The Art of Temaris...
The art of embroidering the surface of a ball
It's that dates back to the eighth century the fascinating history of this craft technique, at a time when Japan imported from China a ball game called Kemari. ( ' Ke ' 'meaning tap with the foot).
The nobles of the imperial court were playing this game with a ball, then buckskin. It is not known with certainty the time when ball games definitely made part of popular culture, but we know that the fourteenth to the sixteenth century, jugglers juggling balls used in the street.
It is at this time that appears the Temaris in their current form .
The servants of the ladies of the samurai competed dexterity in making embroidered with silk thread on balls. When the daughter of the lord of the clan got married, the journey was long and difficult until she reaches her husband residence.
To pass the time she carried with her the work of temari.
A work which brought her some comfort from the ordeal of separation from her family.
The temari, luxurious crafts were offered to celebrate important events such as births, Birthdays or weddings. Originally, the art of temari was therefore reserved for the upper classes, only able to procure the necessary materials. In the nineteenth century, the use of cotton spread in other classes, promoting the development of technology.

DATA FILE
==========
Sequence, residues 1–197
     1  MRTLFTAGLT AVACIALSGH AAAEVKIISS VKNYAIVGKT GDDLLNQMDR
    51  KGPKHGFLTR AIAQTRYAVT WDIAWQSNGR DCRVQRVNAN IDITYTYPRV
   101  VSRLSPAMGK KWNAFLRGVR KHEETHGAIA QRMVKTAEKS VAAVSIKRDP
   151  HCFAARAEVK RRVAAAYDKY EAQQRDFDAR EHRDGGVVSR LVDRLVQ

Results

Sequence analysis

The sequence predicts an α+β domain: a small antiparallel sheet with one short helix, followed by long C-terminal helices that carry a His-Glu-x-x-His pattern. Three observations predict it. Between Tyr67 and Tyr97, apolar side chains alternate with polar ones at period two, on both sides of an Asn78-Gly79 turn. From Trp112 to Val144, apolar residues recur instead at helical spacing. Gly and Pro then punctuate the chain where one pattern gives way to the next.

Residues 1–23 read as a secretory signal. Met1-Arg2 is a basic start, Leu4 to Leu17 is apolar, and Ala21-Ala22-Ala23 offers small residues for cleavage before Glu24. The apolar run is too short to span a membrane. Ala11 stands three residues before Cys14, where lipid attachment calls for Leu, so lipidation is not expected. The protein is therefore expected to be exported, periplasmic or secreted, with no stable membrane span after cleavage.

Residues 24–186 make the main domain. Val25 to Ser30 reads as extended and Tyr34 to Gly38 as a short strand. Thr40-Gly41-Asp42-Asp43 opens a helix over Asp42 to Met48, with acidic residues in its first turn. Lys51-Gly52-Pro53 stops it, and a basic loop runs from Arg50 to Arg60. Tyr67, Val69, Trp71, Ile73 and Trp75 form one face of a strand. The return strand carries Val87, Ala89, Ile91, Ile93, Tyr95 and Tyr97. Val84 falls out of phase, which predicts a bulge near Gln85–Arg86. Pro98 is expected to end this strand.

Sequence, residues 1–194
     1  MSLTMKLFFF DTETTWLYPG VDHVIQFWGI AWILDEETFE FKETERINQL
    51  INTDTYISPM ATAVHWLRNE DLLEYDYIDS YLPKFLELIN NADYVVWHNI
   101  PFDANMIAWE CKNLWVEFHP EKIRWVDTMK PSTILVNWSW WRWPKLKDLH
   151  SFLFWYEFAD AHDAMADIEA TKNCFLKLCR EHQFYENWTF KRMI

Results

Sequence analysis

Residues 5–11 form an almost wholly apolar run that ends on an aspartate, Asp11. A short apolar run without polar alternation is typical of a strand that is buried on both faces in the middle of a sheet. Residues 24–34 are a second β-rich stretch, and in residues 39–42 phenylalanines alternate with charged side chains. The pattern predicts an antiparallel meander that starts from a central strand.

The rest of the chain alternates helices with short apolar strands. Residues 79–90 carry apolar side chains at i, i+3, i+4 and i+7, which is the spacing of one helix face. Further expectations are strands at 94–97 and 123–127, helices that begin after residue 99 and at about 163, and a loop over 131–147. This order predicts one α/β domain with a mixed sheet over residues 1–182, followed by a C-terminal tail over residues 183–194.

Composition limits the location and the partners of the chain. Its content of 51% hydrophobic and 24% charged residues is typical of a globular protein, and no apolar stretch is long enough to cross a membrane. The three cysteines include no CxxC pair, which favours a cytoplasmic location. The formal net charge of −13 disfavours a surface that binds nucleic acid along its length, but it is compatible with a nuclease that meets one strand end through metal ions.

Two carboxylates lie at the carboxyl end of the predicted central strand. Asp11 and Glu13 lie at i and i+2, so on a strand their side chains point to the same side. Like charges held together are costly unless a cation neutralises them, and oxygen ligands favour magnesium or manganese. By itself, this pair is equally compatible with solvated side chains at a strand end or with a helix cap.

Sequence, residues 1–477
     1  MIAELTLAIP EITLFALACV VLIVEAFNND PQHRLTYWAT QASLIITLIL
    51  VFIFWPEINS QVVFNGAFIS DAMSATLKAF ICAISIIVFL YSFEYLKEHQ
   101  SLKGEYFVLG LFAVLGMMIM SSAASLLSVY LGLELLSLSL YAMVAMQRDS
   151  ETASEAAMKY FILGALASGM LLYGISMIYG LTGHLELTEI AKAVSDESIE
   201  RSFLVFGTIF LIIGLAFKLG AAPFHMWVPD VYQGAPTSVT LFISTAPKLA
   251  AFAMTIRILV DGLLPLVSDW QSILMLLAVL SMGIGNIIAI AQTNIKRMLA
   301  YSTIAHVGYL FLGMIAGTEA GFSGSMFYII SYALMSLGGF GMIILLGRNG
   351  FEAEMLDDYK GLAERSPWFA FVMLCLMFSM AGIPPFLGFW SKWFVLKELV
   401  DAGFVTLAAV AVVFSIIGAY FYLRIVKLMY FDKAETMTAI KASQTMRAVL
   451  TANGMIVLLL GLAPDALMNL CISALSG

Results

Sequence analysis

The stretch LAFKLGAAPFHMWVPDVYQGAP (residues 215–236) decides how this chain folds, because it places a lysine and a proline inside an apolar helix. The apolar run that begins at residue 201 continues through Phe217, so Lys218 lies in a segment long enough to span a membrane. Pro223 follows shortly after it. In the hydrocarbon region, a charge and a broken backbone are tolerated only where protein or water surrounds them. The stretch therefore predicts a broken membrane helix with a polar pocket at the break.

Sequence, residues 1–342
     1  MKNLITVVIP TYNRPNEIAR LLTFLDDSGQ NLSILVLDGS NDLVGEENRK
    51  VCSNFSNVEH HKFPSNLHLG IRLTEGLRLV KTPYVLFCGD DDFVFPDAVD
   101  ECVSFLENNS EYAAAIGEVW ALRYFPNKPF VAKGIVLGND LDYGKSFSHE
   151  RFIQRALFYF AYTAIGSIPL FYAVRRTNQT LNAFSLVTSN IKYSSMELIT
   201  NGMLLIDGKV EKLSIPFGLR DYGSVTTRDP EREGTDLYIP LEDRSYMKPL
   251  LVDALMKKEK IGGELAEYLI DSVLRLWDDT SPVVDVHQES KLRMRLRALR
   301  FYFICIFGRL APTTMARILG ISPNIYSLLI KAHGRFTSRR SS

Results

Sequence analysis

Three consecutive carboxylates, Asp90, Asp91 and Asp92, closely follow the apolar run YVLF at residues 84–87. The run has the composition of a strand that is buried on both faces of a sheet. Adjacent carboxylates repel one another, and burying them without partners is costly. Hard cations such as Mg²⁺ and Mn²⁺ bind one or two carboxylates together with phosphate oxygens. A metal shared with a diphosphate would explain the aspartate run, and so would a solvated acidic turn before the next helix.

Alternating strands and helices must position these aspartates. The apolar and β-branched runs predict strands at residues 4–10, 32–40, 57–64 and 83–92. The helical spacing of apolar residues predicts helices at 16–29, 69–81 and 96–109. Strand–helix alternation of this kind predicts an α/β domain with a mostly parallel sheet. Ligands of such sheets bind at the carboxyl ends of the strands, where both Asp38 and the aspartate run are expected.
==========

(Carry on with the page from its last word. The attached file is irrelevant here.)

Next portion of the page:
The Temari finished and embroidered was often aimed at young girls, who played with these balls for games.
In southern Japan were granted magical virtues temari ...
Generally the temari uses geometric paths. How to embroider also differ from one region to another. The long silk son were not accessible to the lower classes, who were content to attach butt shorter son to bring them to the desired length. The number of possible designs is almost infinite.
In early twentieth century, the appearance of the rubber ball marked the decline of the art of Temari, which however had a revival over the past twenty years. It describes the temari as "the art of embroidering the surface of a ball ."
'' Te '' means hand and '' Mari '' : ball.
Drawing realized entirely by hand, pencil, and ink aquaqrelle, 95cm/95cm